Liverpool Los Angeles jeans are sold at department and specialty stores across the United States.
by John Russel Jones

Any editor will tell you that the most panicked we’ll get — besides being on deadline — is when we lose a notebook. A few months before I rejoined the MR team, I started keeping all my notes electronically (GoodNotes and an iPad combined with OtterAI: Life changing!), and yet I still somehow managed to lose track of some of my notes for the denim report we ran earlier this year. Turns out Mark D’Angelo of Liverpool Los Angeles was kind enough to overlook my ADHD, so we reconvened again recently so I could reconstruct the story. 

Liverpool Los Angeles launched originally in 2012 as a woman’s brand, adding men’s in 2017 as an exclusive for Stitch Fix. Wholesale for the rest of the market started in 2018. The brand was part of that “just under $100” magic price point that became popular in the post-classical days of premium denim, and though the company’s men’s business may have been “grandfathered” into the women’s existing partnership with Stitch Fix, it quickly established its own retail base. Liverpool men’s is now carried in Nordstrom and Von Maur, as well as at specialty stores like Levy’s of Nashville, Tenn., Milton’s of Braintree, Mass., and even at Midwest outdoor outfitter Scheel’s.

Mark D’Angelo, Liverpool’s vice president of sales, who has been with the brand since the beginning, says business has been excellent: “We saw increases in both 2020 and 2021 of 30-45%. We were already set up for ecom and drop ship, with Nordstrom, Bloomingdale’s, and our own site, and all those guys who were working from home had some time to shop online and do some research. They found that Liverpool offered great fitting, good-looking, premium quality product with a great price/value proposition. Our specialty store business rebounded in 2021, and a lot of the independents have embraced us post-pandemic, with a greater appreciation and understanding of our pricing.”

The brand tends to be the opening price point in denim at most stores, starting at about $109 (up from $98 before the supply chain got stressed). D’Angelo describes his customer as “16 to 80,” starting with a younger guy whose parents aren’t spending a lot of money on jeans because the kid is still growing, to the young pro in his 20s who wants a premium look but is on a tight budget. Here he skips a few years (just wait) to young fathers whose disposable income is being spent on their kids. 

Don’t count out that thirty-something premium denim customer, though. D’Angelo says “that guy is often looking for a particular brand, but the sales associate will convince him to try on a pair (or two) of our jeans while he’s in the dressing room. At this price point and with this fit and quality, it becomes not only an easy add-on sale but also helps build the transaction, because now the associate can sell more tops!”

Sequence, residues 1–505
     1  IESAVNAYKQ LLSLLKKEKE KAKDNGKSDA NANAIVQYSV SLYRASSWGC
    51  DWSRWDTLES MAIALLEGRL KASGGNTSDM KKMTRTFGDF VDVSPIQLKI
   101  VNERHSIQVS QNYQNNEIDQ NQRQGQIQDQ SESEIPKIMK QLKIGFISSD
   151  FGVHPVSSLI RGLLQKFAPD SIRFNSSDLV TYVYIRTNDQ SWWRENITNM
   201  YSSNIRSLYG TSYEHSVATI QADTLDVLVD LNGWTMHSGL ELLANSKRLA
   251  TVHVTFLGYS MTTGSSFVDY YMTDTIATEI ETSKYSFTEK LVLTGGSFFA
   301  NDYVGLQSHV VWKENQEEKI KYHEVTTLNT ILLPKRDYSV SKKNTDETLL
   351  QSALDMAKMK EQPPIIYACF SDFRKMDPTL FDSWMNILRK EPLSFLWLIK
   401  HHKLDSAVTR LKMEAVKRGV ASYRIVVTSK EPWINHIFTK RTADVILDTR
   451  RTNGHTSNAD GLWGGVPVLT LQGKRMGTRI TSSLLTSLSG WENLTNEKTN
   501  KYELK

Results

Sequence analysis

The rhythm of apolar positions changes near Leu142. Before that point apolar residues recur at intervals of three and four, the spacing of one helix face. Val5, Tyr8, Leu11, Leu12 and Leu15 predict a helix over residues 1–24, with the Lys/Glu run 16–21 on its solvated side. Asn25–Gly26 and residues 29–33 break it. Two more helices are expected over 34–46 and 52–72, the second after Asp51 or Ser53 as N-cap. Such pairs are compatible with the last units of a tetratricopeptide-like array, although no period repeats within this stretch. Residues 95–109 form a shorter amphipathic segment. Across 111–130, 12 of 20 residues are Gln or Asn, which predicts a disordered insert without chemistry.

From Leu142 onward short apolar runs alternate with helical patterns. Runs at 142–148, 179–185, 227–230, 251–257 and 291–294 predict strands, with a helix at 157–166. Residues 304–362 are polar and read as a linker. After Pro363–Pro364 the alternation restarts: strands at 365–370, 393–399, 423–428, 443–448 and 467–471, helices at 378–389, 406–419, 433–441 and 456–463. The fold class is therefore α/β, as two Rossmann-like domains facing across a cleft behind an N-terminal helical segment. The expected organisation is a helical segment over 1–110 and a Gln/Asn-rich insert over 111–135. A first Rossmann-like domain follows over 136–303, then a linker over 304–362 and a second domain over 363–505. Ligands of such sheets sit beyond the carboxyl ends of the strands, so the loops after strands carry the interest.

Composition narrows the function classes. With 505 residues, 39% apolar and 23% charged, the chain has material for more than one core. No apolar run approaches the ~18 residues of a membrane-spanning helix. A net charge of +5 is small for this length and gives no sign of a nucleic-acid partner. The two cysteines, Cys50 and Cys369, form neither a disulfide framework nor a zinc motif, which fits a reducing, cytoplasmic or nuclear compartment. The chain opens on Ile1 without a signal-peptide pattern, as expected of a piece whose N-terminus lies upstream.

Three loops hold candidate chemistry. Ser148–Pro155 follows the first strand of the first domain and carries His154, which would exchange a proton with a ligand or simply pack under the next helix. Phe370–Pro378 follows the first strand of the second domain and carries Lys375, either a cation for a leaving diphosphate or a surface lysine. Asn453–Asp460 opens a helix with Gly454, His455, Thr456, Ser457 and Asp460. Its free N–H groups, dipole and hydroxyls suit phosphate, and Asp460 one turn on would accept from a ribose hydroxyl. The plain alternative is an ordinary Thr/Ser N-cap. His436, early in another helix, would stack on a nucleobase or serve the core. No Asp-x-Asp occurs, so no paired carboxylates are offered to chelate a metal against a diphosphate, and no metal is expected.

Liverpool launched a sweater business in 2021, retailing for $79 to $98; and Fall 2022 sees a full collection of shirts, knits, and jackets.

Business is built on three basic, if decisive, fits: The most popular is a modern straight fit that works well with a blazer. A relaxed straight fit (15 ½” leg opening), is popular in the Midwest where guys are wearing it with work and cowboy boots, as well as with athletic guys who need a little extra room. Finally, a skinny fit makes up about four percent of the business, popular with more urban stores where the guy who works out still wants to show off a bit. A recently introduced “sneaker jean has a bit of a 1960s retro feel; a bit fuller at the top and slightly cropped (meant to be rolled at the cuff) to show off the season’s popular sneaker styles (canvas high-tops). 

The brand includes 30, 32, and 34-inch inseams (“…especially important for narrower bottom jeans because just cutting off jeans to fit can alter the proportions,” says D’Angelo). Waist sizes run from 28 to 42, and include 31, 33, and 35. All fits feature a clean finish with minimal branding.  

Colored denim has been important for the brand, including cotton twill five-pockets. The Fall palette includes rich earth tones like rye, tobacco, bark, and pine grove. So far Spring has seen success with modified neutrals like “tumbleweed,” a beige/gray tone, as well as new shades of blue and green in natural colorways. 

The brand is putting a big push behind sustainability as its retail partners emphasize the importance. The Fall Collection includes 8 sustainable denim washes with an ongoing effort to increase our green footprint to encompass our entire denim collection in the coming seasons. Liverpool currently uses eco-friendly fibers including BCI-certified organic cotton, CiCLO and EcoVero, and has converted all packaging to recycled and biodegradable poly bag. To learn more about Liverpool, contact Mark D’Angelo at